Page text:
This meticulously researched volume rescues from obscurity a fascinating episode in the history of U.S. relations with Africa: America’s first, tentative efforts at military, diplomatic, and commercial engagement with what is now the rather ironically named Democratic Republic of the Congo in the person of Lt. Emory Taunt, USN. The narrative of the intertwined tragedies of Mr. Taunt and of the Congo is moreover enriched by Andrew Jampoler’s own intrepid efforts to retrace his protagonist’s epic journey down the Congo River from Stanley Falls to the Atlantic Ocean….Highly recommended.
Anyone wanting to know more about the early history of Leopold’s II’s notorious Congo Free State will find much intriguing new information in Andrew Jampoler’s scholarly account of the tragi-comical life and death of Lt. Emory Taunt, USN, and of the deeds of a surprising cast of associated diplomats, colonial officials, engineers, ivory traders, and whistle-blowers.— Tim Jeal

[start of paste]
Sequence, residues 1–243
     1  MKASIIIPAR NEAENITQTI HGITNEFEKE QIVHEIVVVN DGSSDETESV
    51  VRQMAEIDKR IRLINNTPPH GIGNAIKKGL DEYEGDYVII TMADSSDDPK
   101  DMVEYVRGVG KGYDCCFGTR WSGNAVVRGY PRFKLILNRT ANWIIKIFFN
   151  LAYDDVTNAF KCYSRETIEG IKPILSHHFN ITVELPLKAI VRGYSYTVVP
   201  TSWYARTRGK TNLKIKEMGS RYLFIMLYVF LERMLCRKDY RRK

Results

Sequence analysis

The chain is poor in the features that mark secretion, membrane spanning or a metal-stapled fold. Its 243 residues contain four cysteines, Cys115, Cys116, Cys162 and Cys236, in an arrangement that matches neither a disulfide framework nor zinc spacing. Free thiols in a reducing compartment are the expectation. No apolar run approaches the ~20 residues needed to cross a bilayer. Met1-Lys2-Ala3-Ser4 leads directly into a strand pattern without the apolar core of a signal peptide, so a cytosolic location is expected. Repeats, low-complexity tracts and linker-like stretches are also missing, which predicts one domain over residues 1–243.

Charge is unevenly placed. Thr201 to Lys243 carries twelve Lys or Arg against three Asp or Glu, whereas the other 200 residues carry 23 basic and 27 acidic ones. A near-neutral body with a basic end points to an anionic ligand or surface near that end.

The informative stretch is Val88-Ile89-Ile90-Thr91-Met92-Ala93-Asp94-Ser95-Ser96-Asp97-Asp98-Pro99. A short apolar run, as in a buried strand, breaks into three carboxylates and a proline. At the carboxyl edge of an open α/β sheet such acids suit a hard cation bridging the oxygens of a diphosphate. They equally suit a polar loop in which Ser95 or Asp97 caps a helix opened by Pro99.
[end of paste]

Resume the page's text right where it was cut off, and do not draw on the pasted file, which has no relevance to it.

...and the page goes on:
This lively, readable, and carefully researched book fills in an intriguing and little-known corner of Congo history. Lieutenant Taunt’s life gives us a revealing glimpse of the gold rush period of the early days of the “Scramble for Africa.”